Microsoft legally cracks down on cybercriminals targeting 62 countries
According to documents revealed by the U.S. District Court for the Eastern District of Virginia, Microsoft took legal action against cybercriminals who tried to target its customers in 62 countries. The Redmond-based company swung into action and cracked down on fraudsters who tried to use the on-going pandemic situation to their advantage by launching various cyberattacks.
Microsoft takes legal action against cybercriminals
Thanks to its legal action, Microsoft could seize control of “key domains in the criminals’ infrastructure.” As a result, they can no longer be used to launch cyberattacks against their victims. In his recent blog post, Tom Burt, Corporate Vice President of Customer Security & Trust at Microsoft, wrote:
“Our civil case has resulted in a court order allowing Microsoft to seize control of key domains in the criminals’ infrastructure so that it can no longer be used to execute cyberattacks.”
Microsoft spent months monitoring the activities of these cybercriminals ever since they deployed a sophisticated phishing scheme against its customers back in December last year. Hackers tried to steal customer email, contact lists, among other sensitive information.
Back then, Microsoft blocked phishing activities by means of technical methods. However, Microsoft decided to take the legal route after it noticed renewed phishing attempts by the same criminals.
Microsoft continues to observe a significant increase in business email compromise (BEC) as far as the sophistication and frequency of those attacks are concerned.
Microsoft further cited the FBI’s 2019 Internet Crime Report, according to which the most-costly complaints received by their Internet Crime Complaint Center (IC3) involved BEC crimes. These complaints equal to losses of more than $1.7 billion, further representing almost half of all financial losses due to cybercrime.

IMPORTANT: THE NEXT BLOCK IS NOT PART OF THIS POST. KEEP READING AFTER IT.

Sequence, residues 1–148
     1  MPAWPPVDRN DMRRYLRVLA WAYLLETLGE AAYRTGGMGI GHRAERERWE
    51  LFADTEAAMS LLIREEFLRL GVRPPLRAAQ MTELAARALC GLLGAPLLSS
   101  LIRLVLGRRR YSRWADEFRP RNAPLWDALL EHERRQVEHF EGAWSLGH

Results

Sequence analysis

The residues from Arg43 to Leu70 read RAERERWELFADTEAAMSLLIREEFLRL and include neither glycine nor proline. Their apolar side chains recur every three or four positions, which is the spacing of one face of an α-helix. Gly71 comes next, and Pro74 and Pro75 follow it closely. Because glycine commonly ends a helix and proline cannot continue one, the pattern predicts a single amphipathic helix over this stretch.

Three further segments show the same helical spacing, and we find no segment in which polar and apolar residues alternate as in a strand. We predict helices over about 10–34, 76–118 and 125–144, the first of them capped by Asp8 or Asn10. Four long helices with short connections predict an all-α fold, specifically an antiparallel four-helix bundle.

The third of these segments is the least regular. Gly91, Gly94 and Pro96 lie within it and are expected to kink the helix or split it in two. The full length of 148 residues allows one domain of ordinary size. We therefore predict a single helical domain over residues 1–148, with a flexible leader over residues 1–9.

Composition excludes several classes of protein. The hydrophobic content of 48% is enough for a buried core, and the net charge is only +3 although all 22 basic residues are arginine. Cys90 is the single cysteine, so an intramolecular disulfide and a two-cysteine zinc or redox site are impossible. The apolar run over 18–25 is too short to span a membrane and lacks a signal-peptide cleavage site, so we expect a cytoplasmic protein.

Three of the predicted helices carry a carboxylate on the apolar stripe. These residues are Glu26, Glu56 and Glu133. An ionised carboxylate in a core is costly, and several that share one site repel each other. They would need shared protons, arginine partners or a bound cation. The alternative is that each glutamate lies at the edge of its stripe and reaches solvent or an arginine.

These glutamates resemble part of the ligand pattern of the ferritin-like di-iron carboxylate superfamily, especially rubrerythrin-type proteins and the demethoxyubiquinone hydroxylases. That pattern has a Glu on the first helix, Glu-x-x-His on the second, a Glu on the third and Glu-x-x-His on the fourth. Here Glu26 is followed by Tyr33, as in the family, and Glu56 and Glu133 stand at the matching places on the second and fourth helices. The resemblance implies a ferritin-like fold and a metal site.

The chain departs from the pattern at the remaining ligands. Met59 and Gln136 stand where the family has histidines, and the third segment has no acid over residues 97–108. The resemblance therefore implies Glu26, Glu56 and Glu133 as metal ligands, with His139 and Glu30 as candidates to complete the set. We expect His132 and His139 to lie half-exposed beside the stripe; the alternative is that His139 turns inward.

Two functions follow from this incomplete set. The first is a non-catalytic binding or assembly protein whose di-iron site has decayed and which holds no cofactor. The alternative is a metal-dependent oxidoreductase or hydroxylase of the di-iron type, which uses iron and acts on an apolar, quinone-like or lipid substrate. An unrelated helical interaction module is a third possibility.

Microsoft aims to highlight the increasing economic harm caused by cybercriminals targeting both the public and private sectors.
“For our part, Microsoft and our Digital Crimes Unit will continue to investigate and disrupt cybercriminals and will seek to work with law enforcement agencies around the world, whenever possible, to stop these crimes,” Burt further added.
According to Microsoft, attackers largely impersonated an employer or other trusted source to increase the chances of a successful phishing attempt. Attackers also targeted business leaders across industries.
Users are advised to enable two-factor authentication on both business and personal email accounts. You can also enable security alerts about links and files from suspicious websites and be careful about any suspicious activity.
Tanmay loves writing about Technology, Internet, Apps, Social Media, and Cybersecurity. He also tracks OTT video content streaming space and likes to spend his weekends watching plays. You can contact him on Twitter @techtsp.